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Packers’ Nelson a bargain, considering

Packers’ Nelson a bargain, considering


Vikings, Falcons lock up old, unproven


The Green Bay Packers got a bargain this weekend when it signed Jordy Nelson.

Not a bargain considering his $4.4 million salary last season, but a bargain compared to the deal the Minnesota Vikings just inked for tight end Kyle Rudolph or the Atlanta Falcons gave Roddy White.

The difference when considering the three deals? Nelson is 29 and in his prime, White is 33 and on his way out and Rudolph is 24 and still has something to prove.

Who would you rather have? The answer is fairly simple: Nelson will make $8.6 million a year, Rudolph, $7.3 million and White $10 million.

On the first day of training camp practice, the Packers signed Nelson to a four-year, $39 million contact – $14.2 million guaranteed – with an $11.5 million signing bonus, according to NFL.com.

“Now he can buy all the land in Kansas,” Aaron Rodgers told the Associated Press. Nelson is a Kansas native who went to Kansas State.

Sunday, the Vikings gave Rudolph a five-year extension worth $36.5 million – $19.4 million guaranteed.


Late last week, the Falcons signed White for three years, around $30 million with $18 million guaranteed, according to ESPN’s Adam Schefter.

All three players are talented and NFL contracts usually end two years before they’re up, but the White deal one that looked like it would hurt the Packers ability to lock down Nelson.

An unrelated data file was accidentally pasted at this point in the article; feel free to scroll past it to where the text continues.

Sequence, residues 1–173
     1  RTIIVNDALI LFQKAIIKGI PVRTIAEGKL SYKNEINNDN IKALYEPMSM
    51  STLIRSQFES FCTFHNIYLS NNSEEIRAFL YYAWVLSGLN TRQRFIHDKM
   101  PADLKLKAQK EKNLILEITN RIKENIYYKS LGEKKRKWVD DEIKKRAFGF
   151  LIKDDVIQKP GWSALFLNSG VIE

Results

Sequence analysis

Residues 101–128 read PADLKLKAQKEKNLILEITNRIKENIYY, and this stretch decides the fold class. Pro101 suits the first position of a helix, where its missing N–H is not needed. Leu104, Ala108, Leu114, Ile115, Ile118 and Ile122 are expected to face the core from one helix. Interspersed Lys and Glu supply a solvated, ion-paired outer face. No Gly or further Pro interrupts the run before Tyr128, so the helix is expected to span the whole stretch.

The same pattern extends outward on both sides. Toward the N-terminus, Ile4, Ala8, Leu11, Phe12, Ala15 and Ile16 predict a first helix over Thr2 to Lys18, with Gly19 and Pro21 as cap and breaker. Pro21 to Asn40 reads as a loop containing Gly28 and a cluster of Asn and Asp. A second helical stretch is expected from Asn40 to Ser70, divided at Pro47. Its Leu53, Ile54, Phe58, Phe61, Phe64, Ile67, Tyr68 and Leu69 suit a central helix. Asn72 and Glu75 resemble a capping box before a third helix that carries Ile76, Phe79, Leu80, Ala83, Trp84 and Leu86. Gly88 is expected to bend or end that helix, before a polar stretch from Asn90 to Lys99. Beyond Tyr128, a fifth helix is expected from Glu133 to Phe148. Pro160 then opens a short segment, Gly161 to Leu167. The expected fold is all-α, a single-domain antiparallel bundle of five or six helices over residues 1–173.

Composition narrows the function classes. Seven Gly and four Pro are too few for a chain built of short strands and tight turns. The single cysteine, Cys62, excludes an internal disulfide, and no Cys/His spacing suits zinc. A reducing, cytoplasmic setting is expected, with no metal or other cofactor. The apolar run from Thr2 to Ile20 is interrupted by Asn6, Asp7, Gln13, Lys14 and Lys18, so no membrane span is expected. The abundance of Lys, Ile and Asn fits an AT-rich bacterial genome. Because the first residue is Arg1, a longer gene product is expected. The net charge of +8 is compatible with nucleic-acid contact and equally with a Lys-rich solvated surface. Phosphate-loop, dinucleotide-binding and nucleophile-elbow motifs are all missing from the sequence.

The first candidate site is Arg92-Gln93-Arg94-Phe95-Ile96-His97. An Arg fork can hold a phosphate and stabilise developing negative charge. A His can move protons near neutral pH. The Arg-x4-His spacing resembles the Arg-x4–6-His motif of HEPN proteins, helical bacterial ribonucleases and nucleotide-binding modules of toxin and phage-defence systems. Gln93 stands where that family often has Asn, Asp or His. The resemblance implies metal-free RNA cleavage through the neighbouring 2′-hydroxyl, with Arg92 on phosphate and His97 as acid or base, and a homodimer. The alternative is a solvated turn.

Signing a 33 year old for that much money could only mean Nelson’s $10-million asking price would surely escalate. It didn’t.

Nelson will make Pierre Garcon-Victor Cruz money and, if you were to pick between any of those players, most would pick Nelson without blinking.

Rudolph’s deal is for less and he’s younger, but he hasn’t eclipsed 500 yards in any of his three seasons – he only played eight games last season because of a broken foot.

There is also the Christian Ponder factor to make up for those numbers, but then you can’t argue for Rudolph because of his nine-touchdown season in 2012 – a year Ponder targeted Rudolph 93 times for 53 receptions.

White has been one of the most productive receivers in the NFL since 2007, but he was limited to 13 games because of a hamstring injury last year that saw him produce just 711 yards and three touchdowns. Before that, you could mark him up for 1,300 yards and eight TDs a year.

And that’s precisely what the Packers are hoping – expecting – Nelson will produce over the next four years. Last year he proved he could beat double-teams as a No. 1 wideout with Randall Cobb and Jermichael Finley injured – not to mention Aaron Rodgers.

He missed four games in 2012 because of a hamstring injury, which slowed him for another two games prior to that. In between that season, he had a 1,263-yards, 15 touchdowns in 2011 and 1,314 and eight last year.

There’s little doubt the sure-handed Nelson will produce – unlike the questions that surround White’s age/injury and Rudolph’s development or, moreover, the development of the Vikings’ passing game.

The question now, can the Packers re-sign Randall Cobb?

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